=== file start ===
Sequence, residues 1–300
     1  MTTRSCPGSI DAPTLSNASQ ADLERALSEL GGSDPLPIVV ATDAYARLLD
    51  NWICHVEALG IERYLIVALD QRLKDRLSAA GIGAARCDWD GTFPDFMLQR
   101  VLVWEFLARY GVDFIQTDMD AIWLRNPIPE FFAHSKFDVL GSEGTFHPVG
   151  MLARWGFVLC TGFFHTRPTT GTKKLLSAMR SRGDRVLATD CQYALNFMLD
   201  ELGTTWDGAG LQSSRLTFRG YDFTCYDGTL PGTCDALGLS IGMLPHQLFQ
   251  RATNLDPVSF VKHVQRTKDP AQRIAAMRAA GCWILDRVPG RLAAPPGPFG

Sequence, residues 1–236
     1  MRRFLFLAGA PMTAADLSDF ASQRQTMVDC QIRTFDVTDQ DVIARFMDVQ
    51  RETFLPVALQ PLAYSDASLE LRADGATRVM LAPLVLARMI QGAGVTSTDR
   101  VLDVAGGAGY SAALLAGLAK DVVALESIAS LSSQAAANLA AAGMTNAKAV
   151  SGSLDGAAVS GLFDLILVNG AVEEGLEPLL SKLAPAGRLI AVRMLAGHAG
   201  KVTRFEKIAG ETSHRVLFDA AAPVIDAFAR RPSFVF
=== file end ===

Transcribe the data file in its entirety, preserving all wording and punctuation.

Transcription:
Sequence, residues 1–300
     1  MTTRSCPGSI DAPTLSNASQ ADLERALSEL GGSDPLPIVV ATDAYARLLD
    51  NWICHVEALG IERYLIVALD QRLKDRLSAA GIGAARCDWD GTFPDFMLQR
   101  VLVWEFLARY GVDFIQTDMD AIWLRNPIPE FFAHSKFDVL GSEGTFHPVG
   151  MLARWGFVLC TGFFHTRPTT GTKKLLSAMR SRGDRVLATD CQYALNFMLD
   201  ELGTTWDGAG LQSSRLTFRG YDFTCYDGTL PGTCDALGLS IGMLPHQLFQ
   251  RATNLDPVSF VKHVQRTKDP AQRIAAMRAA GCWILDRVPG RLAAPPGPFG

Sequence, residues 1–236
     1  MRRFLFLAGA PMTAADLSDF ASQRQTMVDC QIRTFDVTDQ DVIARFMDVQ
    51  RETFLPVALQ PLAYSDASLE LRADGATRVM LAPLVLARMI QGAGVTSTDR
   101  VLDVAGGAGY SAALLAGLAK DVVALESIAS LSSQAAANLA AAGMTNAKAV
   151  SGSLDGAAVS GLFDLILVNG AVEEGLEPLL SKLAPAGRLI AVRMLAGHAG
   201  KVTRFEKIAG ETSHRVLFDA AAPVIDAFAR RPSFVF